The answer is of course no to most of those questions under most cycling conditions: The speed at which one must pedal depends not on wheelsize alone, but also the size of cogs; smaller wheels require larger cogs…once you’ve sorted that out, you’ll be pedaling just as fast or slow as the other larger-wheeled bicycles. And they’re only as cramped as the frame size determines them to be: buy a small-wheeled bike with a large enough frame, and it’ll feel just like your bigger bike.
The smaller wheelsize does have it’s limitations though: bumps, potholes, and for us up here in northern Japan soft snow are not the surfaces where the 20-inch wheels shine.
That said, I’ve been mulling over getting a folding bike for some time now. I live in Japan with my partner Haidee, and on our frequent journeys on trains here with our bikes, we’ve often wished we had something more compact; bikes have to be bagged on trains in Japan, which adds undue stress to the start of a trip (removing pedals, handlebars, seats, front wheels etc etc.). For a while we got away with having the handlebars and seats of our big bikes sticking out of the bike bags, but our local train station has cracked down on this and we need to dismantle the big bikes more thoroughly now.
To this end, Haidee got herself a Bike Friday Silk, which is a beautiful bike. The Gates Carbon Drive belt-drive system is so clean and smooth, and Bike Friday makes a great bike. I was keen on the Tern Verge S27h, however, because it seemed a little more cost-effective, and I wanted to try out something I could order from a local bike shop.
The Tern Verge S27h comes in any color you want so long as it is black, and it is one of Tern’s few cycle-touring oriented bikes. For under US$2,000 (in Japan), you get a bike with dual racks, full dynamo lighting system, a long-wheelbase frame, Rholoff-ready drop-outs, eccentric bottom bracket, an in-seat-tube floor pump, Avid BB7 disk brakes, and a Sram Dual-Drive drivetrain (consists of a 9-speed cassette mounted to a three-speed DD3 internal gear hub). The fold is very neat too.
Even before I took delivery of the bike, I had intended to more or less immediately swap out the Dual Drive drivetrain for an Alfine 11-speed internal gear hub. I abhor derailleur drive trains. I find internal gear hubs are cleaner, and just less hassle. The rim I wanted to use for the new wheel didn’t arrive in time for the bike, so I’m still waiting to build a new back wheel up, but that will happen in due course. The adjustable eccentric bottom bracket means an internal gear hub can be fitted without the need for a chain tensioner.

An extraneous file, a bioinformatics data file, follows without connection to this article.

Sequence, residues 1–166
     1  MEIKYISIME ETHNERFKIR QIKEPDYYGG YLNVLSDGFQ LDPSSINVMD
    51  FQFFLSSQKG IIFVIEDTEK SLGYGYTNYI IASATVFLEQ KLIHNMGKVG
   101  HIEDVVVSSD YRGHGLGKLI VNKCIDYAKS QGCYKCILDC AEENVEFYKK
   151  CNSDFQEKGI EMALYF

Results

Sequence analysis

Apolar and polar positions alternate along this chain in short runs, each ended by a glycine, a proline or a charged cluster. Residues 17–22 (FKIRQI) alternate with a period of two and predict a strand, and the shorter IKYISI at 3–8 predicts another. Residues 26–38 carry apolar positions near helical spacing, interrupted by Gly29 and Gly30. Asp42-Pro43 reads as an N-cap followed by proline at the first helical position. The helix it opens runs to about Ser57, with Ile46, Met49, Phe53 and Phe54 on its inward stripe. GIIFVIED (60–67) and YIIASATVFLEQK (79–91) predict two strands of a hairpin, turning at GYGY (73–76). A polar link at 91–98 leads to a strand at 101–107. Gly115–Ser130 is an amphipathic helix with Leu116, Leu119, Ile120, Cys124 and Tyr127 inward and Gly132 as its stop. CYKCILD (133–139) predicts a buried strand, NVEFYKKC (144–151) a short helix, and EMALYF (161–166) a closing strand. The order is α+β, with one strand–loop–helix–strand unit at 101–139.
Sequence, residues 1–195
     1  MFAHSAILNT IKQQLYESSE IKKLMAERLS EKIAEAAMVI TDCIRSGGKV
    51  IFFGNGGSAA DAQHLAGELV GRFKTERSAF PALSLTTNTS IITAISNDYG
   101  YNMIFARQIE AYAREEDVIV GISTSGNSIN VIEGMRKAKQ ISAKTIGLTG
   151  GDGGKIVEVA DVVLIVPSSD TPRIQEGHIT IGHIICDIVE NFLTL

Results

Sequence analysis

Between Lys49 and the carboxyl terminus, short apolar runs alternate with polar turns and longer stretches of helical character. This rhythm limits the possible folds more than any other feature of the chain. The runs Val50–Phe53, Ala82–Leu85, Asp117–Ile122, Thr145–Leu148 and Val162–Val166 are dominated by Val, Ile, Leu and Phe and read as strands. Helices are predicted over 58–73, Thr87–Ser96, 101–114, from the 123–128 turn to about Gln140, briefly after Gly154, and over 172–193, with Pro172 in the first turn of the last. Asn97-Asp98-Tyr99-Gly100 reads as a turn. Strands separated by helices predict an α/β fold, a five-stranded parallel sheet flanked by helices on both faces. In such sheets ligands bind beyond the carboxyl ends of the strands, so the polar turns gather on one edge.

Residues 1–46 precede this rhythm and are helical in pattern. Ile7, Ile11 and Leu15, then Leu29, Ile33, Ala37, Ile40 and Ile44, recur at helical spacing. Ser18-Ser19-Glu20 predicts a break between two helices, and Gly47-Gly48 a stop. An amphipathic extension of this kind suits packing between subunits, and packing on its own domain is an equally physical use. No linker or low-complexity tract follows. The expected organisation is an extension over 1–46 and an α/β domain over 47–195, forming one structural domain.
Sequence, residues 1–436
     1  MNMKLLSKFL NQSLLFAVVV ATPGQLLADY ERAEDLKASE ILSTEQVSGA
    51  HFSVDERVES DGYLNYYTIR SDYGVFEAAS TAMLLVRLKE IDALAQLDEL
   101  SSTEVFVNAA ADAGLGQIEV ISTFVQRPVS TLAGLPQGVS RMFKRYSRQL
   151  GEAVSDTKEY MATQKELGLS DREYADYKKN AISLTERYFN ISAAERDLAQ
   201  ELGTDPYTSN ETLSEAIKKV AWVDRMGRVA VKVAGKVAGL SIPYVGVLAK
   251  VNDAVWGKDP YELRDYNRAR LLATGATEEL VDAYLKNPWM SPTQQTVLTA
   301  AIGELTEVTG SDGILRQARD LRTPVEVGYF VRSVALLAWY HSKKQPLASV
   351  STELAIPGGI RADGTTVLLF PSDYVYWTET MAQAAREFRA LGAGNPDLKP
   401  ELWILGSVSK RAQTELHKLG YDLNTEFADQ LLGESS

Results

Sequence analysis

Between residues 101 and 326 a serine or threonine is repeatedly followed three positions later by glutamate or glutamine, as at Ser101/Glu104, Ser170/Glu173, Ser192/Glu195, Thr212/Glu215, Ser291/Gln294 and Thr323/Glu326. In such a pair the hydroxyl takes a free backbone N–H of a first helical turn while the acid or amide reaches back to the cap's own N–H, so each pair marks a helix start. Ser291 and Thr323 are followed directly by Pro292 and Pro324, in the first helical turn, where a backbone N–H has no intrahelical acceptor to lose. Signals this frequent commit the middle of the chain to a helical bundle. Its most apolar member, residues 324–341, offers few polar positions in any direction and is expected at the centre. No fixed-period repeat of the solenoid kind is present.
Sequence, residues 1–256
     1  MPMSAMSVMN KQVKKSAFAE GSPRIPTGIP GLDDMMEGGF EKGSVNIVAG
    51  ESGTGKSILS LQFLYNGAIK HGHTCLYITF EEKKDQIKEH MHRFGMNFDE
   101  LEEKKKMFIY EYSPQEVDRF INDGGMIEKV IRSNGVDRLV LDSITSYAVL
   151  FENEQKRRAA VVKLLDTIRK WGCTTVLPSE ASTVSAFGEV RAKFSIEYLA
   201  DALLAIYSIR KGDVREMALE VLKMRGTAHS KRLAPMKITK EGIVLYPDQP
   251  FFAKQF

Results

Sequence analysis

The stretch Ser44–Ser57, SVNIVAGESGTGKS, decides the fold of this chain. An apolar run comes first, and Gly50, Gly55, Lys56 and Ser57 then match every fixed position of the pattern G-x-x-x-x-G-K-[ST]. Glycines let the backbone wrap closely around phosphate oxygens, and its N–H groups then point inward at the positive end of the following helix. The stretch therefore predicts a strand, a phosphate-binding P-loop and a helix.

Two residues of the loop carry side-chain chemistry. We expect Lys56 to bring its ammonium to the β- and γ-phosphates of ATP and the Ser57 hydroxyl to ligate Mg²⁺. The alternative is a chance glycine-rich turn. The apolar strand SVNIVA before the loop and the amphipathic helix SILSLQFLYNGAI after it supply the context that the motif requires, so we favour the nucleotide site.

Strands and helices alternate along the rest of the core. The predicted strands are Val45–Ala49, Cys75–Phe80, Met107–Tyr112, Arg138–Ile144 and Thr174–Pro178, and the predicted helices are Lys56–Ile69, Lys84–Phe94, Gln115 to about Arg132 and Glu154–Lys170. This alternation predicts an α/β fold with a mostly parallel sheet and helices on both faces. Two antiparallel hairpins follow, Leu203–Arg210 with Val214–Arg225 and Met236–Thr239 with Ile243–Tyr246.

As it is though, the Dual Drive drivetrain is nice enough: the changes are solid and reliable. I don’t really feel like I need 27 gears though…
I’ve also swapped out the stock standard saddle with a spare leather Selle Anatomica saddle I had sitting around…I like my leather saddles. The stock saddle felt comfy enough on the 15 minute bike ride home from the bike shop, but on a longer tour, who knows.
The headlight gives a very nice strong light, but I feel like it shines too much in a concentrated beam, with too little light directly in front of the front wheel. Compared with the Busch and Muller Lumotec IQ Cyo that I have on my big bike, which gives a more even beam from close to far, the Tern light falls short in this regard.
Initial ride impressions is that this is one very solid bike. At 16kg, it really is a solid bike (especially for one with 20-inch wheels). Once I had the seat height tweaked and the (very nicely adjustable) quick-adjust stem adjusted right, it felt like a very nice geometry. I am 179.5cm tall (around 5’11), and the bike feels just about right. It is not a custom fit like you’d get with a Bike Friday, but for the last few days I’ve been enjoying the fit so far.
I’m currently running Schwalbe Marathon Winter (20×1.6) tires on the bike for winter here, but the bike comes stock with Schwalbe Big Apples (20×2.0). Those Big Apples are going to be very nice to ride once the snow leaves (in about three months time).
The long chain-stays on the bike mean that heel-strike is not an issue. I wear a size 11.5 winter boot, and my panniers were always out of the way of my heels.
There are a couple of inexplicable niggles about the bike though. One is the fact that there are no bottle-cage mount braze-ons on the top-tube. All of Tern’s other bikes have these braze-ons. Why on earth does Tern’s only bicycle marketed as a serious tourer not have these?! (UPDATE 2015/5/25: See the bike’s designer Thomas from Velowerk explain the reasoning in the comments). Also, my Ortlieb panniers, when mounted on the lower rails of the (excellently stiff rack) hit the Dual-Drive shifting mechanism, which causes the gears to skip. Not ideal. (UPDATE 2015/5/25: See the bike’s designer Thomas from Velowerk comments about that below.)
Overall though, the bike seems to do it’s job. Lined up with the Bike Friday Silk I can’t help but feel that the Bike Friday is a more mature design and finished product, but I do feel like the Verge S27h has potential. Potential that we hope to put through its paces in the coming years.
(To be continued….)